The best way to find/gain clients for me is through word of mouth. Working hard and being nice to people will take you further than any mass marketing/PR campaign in my experience. When people trust your work ethic and, know you stand by/believe in yourself and your brand they will call on you.

There really isn’t a shortcut to success. I think paying too much money for PR too early is a big mistake. Nothing is guaranteed and so you shouldn’t move forward with that sort of plan until you’re established and know your brand inside and out.

Another mistake is saying yes to everything. You interview your clients just as much as they interview you. Not everyone is a proper fit. I know and understand everyone has bills. But for long term, the better you and a client fit, the better the outcome, a better professional relationship is built, guaranteeing more opportunity for growth, portfolio expansion and more work.

Have you ever gotten a disappointed client or customer? If so, how did you handle the situation?

Interior design is a very subjective service industry, so disappointment is inevitable in some cases. I have disappointed a client due to miscommunications and over-promising what could be done using their suggested timeline and budget.

When I was in the situation, I was upfront and apologized for any misgivings. I also usually came to them with a solution before the problem became a larger issue. Hindsight is 20/20; but that just further reinforces my point of interviewing clients—fully understanding their needs, wants and properly managing those expectations.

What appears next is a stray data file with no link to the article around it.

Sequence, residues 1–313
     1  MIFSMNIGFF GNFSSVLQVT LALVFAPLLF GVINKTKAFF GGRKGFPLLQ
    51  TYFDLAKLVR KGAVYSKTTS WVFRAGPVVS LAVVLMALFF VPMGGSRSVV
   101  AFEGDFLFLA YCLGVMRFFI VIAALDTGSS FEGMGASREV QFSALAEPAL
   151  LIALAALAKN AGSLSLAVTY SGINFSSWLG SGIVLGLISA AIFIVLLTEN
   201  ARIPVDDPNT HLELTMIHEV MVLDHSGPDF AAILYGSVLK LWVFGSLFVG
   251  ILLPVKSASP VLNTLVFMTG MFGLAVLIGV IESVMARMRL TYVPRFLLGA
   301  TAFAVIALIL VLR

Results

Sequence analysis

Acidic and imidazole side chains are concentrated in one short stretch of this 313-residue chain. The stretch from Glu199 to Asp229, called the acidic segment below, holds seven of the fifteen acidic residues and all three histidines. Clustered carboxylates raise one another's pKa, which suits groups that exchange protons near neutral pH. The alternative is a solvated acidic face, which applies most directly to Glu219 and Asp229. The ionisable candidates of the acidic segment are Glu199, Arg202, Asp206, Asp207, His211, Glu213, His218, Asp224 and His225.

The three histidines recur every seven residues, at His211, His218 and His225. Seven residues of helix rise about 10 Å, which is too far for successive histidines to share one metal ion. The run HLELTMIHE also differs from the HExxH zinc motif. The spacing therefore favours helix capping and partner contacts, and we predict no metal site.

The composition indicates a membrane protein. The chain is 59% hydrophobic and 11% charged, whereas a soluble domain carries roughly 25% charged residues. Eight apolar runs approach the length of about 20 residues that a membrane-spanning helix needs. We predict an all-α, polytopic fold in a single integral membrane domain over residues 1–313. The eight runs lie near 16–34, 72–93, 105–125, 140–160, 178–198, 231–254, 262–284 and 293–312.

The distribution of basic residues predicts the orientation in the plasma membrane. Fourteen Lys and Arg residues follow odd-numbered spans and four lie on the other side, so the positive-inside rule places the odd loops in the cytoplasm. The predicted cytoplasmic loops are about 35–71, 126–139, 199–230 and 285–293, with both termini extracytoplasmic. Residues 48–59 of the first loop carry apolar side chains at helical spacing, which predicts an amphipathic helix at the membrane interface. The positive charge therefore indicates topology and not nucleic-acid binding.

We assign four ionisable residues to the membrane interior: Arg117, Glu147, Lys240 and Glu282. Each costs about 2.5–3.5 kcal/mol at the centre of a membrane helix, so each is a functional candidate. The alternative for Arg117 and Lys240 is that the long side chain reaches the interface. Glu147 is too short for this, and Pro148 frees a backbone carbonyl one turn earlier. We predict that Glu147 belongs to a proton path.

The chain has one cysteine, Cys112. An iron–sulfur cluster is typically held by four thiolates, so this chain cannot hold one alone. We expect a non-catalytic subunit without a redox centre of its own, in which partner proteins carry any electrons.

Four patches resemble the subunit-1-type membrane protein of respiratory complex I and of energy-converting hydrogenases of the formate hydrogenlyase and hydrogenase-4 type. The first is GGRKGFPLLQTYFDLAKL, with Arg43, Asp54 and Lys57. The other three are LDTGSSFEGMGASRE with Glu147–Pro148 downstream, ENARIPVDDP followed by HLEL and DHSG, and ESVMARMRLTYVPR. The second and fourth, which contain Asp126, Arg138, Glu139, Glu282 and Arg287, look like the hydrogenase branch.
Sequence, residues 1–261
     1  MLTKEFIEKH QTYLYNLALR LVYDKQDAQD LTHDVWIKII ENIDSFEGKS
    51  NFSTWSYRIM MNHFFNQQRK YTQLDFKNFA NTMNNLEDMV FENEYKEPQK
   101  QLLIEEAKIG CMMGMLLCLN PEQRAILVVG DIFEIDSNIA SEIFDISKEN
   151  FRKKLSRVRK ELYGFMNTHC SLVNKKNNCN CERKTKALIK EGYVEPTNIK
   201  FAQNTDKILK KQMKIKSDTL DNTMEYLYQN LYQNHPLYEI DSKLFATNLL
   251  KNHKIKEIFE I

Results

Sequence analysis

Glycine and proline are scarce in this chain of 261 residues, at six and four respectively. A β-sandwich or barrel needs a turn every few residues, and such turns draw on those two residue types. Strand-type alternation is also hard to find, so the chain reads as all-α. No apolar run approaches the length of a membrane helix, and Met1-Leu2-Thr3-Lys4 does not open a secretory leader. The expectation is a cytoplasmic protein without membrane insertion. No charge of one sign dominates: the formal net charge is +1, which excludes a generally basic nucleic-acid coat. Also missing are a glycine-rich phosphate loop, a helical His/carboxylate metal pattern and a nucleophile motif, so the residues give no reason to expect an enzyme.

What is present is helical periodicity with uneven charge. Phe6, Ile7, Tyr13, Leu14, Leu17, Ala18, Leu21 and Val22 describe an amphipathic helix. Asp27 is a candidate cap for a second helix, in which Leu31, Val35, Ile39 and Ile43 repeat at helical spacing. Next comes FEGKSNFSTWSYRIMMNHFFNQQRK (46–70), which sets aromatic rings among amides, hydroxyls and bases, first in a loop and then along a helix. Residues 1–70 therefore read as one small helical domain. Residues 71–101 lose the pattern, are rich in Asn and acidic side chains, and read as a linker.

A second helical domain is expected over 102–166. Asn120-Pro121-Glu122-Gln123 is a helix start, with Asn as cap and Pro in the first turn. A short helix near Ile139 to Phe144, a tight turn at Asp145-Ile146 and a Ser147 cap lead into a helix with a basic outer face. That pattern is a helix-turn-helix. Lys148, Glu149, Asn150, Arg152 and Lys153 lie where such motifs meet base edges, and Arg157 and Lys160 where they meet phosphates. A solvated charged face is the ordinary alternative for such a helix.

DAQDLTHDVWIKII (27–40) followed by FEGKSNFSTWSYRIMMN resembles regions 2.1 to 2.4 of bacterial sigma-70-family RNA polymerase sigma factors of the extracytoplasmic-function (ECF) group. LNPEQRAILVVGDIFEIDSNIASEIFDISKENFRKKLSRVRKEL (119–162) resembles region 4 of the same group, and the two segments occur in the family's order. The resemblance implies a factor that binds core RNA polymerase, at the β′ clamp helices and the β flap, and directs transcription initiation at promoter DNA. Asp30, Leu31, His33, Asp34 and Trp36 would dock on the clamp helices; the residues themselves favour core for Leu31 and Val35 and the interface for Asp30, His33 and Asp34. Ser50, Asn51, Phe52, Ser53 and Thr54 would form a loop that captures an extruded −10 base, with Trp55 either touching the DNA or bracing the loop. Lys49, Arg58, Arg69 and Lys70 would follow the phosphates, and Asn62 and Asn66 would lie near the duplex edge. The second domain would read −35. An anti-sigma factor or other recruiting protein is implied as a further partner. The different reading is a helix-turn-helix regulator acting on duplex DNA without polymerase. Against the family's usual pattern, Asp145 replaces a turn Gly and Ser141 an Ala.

What do you attribute your success to? Is there a trait you have or a person who helped you along the way?

My success is solely due to hard work, the ability to ask for help when needed; knowing my weaknesses and admitting them. Not forcing something that just isn’t working. You can’t shove a square peg in a circular hole.

Also, I always want to keep learning. That is one of the most important attributes you can have as a business owner. I try to remember while I may not be reinventing the wheel, there’s always another way to approach a situation. Stay inspired and listen, read and absorb everything you can.

Several people have helped me along the way. I’ve had wonderful friends and family that have been crucial to keeping me motivated and moving forward. Without these wonderful people that inspired and encouraged me every day, I wouldn’t have the confidence to keep going.

Did you have a hard time starting your business? How did you handle time and resources constraints?

Starting this business took a lot of time and dedication. Because I am a “right brain” thinker, writing a comprehensive business plan was a challenge. Time is always an issue because there are never enough hours in the day. Do yourself a favor and create two schedules, one for day to day events and the other is for short term (weekly or monthly goals)—these will help you with time management.

I’ve learned a lot from my mistakes. I’ve also learned that you should take advantage of as many free resources as possible. Reach out to Universities with great MBA programs—they may have Small business development workshops you can attend to. Also, speak with other entrepreneurs and ask questions relating to your business and outside of your profession.